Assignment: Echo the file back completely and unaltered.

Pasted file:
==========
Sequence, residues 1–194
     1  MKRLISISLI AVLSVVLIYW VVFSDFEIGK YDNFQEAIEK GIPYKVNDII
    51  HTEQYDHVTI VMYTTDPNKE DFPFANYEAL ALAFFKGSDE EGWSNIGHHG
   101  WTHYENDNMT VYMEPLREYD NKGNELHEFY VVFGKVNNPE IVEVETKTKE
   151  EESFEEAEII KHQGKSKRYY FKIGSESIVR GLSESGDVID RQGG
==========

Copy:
Sequence, residues 1–194
     1  MKRLISISLI AVLSVVLIYW VVFSDFEIGK YDNFQEAIEK GIPYKVNDII
    51  HTEQYDHVTI VMYTTDPNKE DFPFANYEAL ALAFFKGSDE EGWSNIGHHG
   101  WTHYENDNMT VYMEPLREYD NKGNELHEFY VVFGKVNNPE IVEVETKTKE
   151  EESFEEAEII KHQGKSKRYY FKIGSESIVR GLSESGDVID RQGG